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We found 5 providers with an interest in glaucoma and who accept United Healthcare Silver near Tampa, FL.

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Specializes in Ophthalmology
4129 N Armenia Avenue; Suite A
Tampa, FL
 

Dr. Edward Rosanelli is a Tampa, FL physician who specializes in ophthalmology (eye disease). After attending Georgetown University School of Medicine, Dr. Rosanelli completed his residency training at a hospital affiliated with the University of South Florida (USF). His clinical interests encompass glaucoma. His average patient rating is 3.5 stars out of 5. Dr. Rosanelli honors Blue Cross Blue Shield EPO, Blue Cross Blue Shield Bronze, and Blue Cross Blue Shield HMO, as well as other insurance carriers. He is affiliated with Memorial Hospital of Tampa.

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Relevant Interests: , glaucoma

All Interests: Glaucoma

Dr. Michael Joel Levitt, MD
Specializes in Ophthalmology
3115 W Swann Avenue
Tampa, FL
 

Dr. Michael Levitt specializes in ophthalmology (eye disease) and practices in Tampa, FL. Clinical interests for Dr. Levitt include macular degeneration, uveitis, and eye surgery. The average patient rating for Dr. Levitt is 3.0 stars out of 5. He takes Blue Cross Blue Shield EPO, Blue Cross Blue Shield Bronze, and Blue Cross Blue Shield HMO, as well as other insurance carriers. He attended the University of South Florida (USF) College of Medicine for medical school and subsequently trained at Boston Medical Center for residency. Dr. Levitt is professionally affiliated with St. Joseph's Hospital, St. Joseph's Women's Hospital, and St. Joseph Children's Hospital.

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Relevant Interests: , glaucoma

All Interests: Implant Surgery, Eye Surgery, YAG Laser Surgery, Macular Degeneration, Laser Surgery, Uveitis, ... (Read more)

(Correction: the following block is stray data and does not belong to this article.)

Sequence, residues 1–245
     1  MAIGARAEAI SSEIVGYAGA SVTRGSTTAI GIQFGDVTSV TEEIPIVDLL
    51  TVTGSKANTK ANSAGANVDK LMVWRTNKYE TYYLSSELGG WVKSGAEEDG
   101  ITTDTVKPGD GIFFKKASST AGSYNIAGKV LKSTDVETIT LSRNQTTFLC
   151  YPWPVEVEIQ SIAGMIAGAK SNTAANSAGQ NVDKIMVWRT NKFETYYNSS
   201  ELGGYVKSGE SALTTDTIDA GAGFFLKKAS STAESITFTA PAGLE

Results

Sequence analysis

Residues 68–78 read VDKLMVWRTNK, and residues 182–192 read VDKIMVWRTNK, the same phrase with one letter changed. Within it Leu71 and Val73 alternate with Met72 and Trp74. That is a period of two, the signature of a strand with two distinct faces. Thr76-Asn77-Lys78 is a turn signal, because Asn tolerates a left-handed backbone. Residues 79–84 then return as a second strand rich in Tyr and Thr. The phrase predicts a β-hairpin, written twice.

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Specializes in Ophthalmology
501 N Howard Avenue; Suite 100
Tampa, FL
 

Dr. Warren Scherer specializes in ophthalmology (eye disease) and practices in Tampa, FL. Before performing his residency at the University of Michigan Kellogg Eye Center, Dr. Scherer attended SUNY, University at Buffalo School of Medicine & Biomedical Sciences for medical school. His areas of expertise include the following: glaucoma and cataract surgery with intraocular lens (IOL) implantation. Dr. Scherer is in-network for several insurance carriers, including Blue Cross Blue Shield EPO, Blue Cross Blue Shield Bronze, and Blue Cross Blue Shield HMO. Dr. Scherer is professionally affiliated with Memorial Hospital of Tampa.

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Relevant Interests: , glaucoma

All Interests: Glaucoma, Cataract Surgery with Intraocular Lens Implantation

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Specializes in Other, Ophthalmology
501 N Howard Avenue; Suite 100
Tampa, FL
 

Dr. William Layden is an ophthalmology (eye disease) specialist. In Dr. Layden's practice, he is particularly interested in glaucoma. He accepts Blue Cross Blue Shield EPO, Blue Cross Blue Shield Bronze, and Blue Cross Blue Shield HMO, as well as other insurance carriers. He attended the University of Vermont College of Medicine for medical school and subsequently trained at a hospital affiliated with the University of Louisville for residency. He is professionally affiliated with BayCare Physician Partners.

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Relevant Interests: , glaucoma